Opinion: I’m not anti-public school; I’m just pro-choice

Kingdom Life Preparatory Academy’s vision is to “raise up a generation that will walk in obedience for Kingdom advancement by changing mindsets through the unadulterated Word of God, strategies and other divinely inspired creative ideas, and to educate students about making good choices so that they will become positive leaders of today and tomorrow.”

Editor’s note: This commentary from Otis Young, CEO of Kingdom Life Academy in Tallahassee, Florida, appeared Sunday on tallahassee.com.

A recent guest column in the Tallahassee Democrat by Leon County Schools Superintendent Rocky Hanna extolled the virtues of a public education while warning of the harm done to that system by education choice scholarships.

I can sum up my reaction to that narrative in one word: Wow.

I’ve worked in private schools for more than 25 years, serving as principal for the last 11 years at Kingdom Life Preparatory Academy, a private, faith-based K-12 school in Tallahassee. I see, on a daily basis, the difference a private school education makes in the lives of our students and their families.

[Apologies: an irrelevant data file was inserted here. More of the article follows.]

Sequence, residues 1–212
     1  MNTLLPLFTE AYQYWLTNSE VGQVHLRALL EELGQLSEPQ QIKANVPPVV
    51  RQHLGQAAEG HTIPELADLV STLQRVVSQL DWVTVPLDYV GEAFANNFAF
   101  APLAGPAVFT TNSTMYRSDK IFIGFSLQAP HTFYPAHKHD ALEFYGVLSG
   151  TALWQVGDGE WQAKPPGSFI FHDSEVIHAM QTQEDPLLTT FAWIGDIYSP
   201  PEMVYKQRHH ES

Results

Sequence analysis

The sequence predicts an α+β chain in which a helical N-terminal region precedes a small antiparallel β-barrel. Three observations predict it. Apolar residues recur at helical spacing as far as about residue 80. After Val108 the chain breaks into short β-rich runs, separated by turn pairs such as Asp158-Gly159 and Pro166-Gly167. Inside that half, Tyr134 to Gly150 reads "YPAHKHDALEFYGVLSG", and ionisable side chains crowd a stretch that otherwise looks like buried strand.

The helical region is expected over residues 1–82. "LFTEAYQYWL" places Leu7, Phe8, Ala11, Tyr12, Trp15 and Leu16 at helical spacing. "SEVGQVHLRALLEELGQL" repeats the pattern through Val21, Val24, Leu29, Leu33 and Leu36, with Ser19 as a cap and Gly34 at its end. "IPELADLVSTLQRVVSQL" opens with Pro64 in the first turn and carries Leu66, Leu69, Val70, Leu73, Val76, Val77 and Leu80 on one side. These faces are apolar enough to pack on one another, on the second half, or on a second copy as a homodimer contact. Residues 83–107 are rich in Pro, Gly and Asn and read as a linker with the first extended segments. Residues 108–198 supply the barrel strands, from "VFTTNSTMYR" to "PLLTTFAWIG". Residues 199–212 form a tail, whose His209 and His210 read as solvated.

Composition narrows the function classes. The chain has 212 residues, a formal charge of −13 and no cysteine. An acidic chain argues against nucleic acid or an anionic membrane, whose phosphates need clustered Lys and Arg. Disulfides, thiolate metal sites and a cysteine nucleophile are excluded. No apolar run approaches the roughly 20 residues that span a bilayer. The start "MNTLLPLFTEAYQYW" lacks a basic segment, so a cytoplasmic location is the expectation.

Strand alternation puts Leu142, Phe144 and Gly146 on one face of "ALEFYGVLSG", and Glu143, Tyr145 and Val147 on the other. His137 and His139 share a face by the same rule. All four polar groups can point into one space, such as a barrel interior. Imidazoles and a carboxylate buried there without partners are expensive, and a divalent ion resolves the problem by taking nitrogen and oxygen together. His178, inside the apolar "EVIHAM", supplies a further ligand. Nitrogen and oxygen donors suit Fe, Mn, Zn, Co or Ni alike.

That’s what the critics of school choice fail to understand: the families.

I see students jump out of cars in the morning and excitedly run through our doors. They wear smiles, which tells me they believe they attend the right school.  My inbox is filled with messages of gratitude from parents and guardians relieved to see their children enjoying their education.

I am not here to attack public schools. I taught in public schools before moving to private schools. Until we added a high school, many of our students continued their education at a public school, and we were happy for their success.

For many families, a public school education is the best fit for their children. But, as those of us who support school choice say, one size does not fit all. My view is that education is one big, happy system with two sides. One is public and one is private.

Every school has its own unique mission on how they educate. Parents know whether their children are learning. They can tell. That’s the main factor.

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